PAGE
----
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Edward Burtynsky, Alberta Oil Sands # 2,

Edward BurtynskyAlberta Oil Sands # 2, Fort McMurray, Alberta (2007), chromogenic colour print. Images © Edward Burtynsky, Nicholas Metivier Gallery, Toronto and Paul Kuhn Gallery, Calgary

Edward Burtynsky: Uneasy Beauty
– Photographs of Western Canada

Surrey Art Gallery
Surrey BC – Jan 17–Mar 22, 2009

Edward Burtynsky is a Canadian photographer of global significance. His large-scale cinematic colour photographs are fascinating both for ecological reasons and for the staggering wealth of visual detail they capture. Portraying changes to the landscape, various series have included ship-breaking yards, urban mines, quarries and industrial refineries.

Images from Burtynsky's Manufactured Landscapes series document landscapes altered by industrial forces in British Columbia and across Canada. His photographs, taken on extensive tours across the country, compel viewers to experience awe in "the industrial mastery of nature" – mining, oil exploration, and cuts into mountains to create railways. His works demonstrate on an equally massive scale what he describes as the "reciprocal" to cities, skyscrapers, highways and industrial parks.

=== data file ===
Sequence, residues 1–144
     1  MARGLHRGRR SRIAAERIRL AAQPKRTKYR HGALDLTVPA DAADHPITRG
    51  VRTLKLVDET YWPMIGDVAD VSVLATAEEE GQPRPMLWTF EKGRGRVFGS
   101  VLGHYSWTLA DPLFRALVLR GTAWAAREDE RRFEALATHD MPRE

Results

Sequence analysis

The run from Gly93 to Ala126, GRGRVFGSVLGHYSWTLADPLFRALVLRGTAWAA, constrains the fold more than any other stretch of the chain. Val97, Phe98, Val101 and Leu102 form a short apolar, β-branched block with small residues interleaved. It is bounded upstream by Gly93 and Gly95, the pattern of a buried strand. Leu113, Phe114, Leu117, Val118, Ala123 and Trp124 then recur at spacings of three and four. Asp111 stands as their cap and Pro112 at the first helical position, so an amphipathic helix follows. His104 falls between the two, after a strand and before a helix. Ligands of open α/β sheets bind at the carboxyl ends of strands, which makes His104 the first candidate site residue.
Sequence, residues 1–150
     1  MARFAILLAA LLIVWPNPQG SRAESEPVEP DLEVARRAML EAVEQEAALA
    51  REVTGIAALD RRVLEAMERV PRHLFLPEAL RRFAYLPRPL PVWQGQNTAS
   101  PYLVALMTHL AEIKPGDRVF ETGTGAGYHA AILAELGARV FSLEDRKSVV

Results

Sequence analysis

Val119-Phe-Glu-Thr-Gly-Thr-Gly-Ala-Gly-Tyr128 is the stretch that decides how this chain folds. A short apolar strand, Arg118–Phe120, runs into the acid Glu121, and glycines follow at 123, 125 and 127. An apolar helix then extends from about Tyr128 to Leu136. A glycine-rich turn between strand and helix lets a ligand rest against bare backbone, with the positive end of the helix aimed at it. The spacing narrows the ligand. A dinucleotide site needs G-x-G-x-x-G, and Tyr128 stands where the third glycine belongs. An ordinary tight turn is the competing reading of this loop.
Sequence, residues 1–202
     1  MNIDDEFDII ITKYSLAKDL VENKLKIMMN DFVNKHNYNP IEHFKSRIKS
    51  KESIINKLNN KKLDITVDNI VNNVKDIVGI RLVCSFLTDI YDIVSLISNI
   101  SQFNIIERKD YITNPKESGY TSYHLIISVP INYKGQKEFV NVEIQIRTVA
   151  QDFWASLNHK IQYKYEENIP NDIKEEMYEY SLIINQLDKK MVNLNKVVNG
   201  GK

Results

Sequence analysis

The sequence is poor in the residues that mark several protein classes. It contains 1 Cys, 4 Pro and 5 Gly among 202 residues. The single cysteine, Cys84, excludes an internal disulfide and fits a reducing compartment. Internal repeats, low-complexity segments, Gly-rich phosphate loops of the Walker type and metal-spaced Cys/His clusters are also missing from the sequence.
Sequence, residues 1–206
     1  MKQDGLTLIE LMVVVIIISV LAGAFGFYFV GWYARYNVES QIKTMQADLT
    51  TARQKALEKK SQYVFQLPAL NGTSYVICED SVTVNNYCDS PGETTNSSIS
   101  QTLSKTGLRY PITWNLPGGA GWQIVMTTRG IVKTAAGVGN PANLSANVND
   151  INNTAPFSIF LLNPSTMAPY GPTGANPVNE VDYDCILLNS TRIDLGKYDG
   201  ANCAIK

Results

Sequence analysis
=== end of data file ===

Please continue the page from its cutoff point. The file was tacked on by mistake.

Burtynsky was born in St. Catharines, Ontario in 1955 and earned a BAA. in Photographic Arts from Ryerson Polytechnical University, Toronto. In 2004 he was awarded the prestigious TED Prize, which honours individuals who have raised global awareness. He was appointed an Officer of the Order of Canada in August 2006. Burtynsky's photographs are included in the collections of such major galleries as the Guggenheim Museum, Museum of Modern Art, Los Angeles County Museum of Art, National Gallery of Canada, Bibliotheque Nationale in Paris, and the V&A in London.


Mia Johnson

Edward Burtynsky, Alberta Oil Sands # 2,

Edward Burtynsky, Westar Open Pit Coal Mine No. 19, Sparwood, British Columbia (1985), chromogenic print [Surrey Art Gallery, Surrey BC, Jan 17-Mar 22] Images © Edward Burtynsky, Nicholas Metivier Gallery, Toronto and Paul Kuhn Gallery, Calgary

 Mon, Dec 1, 2008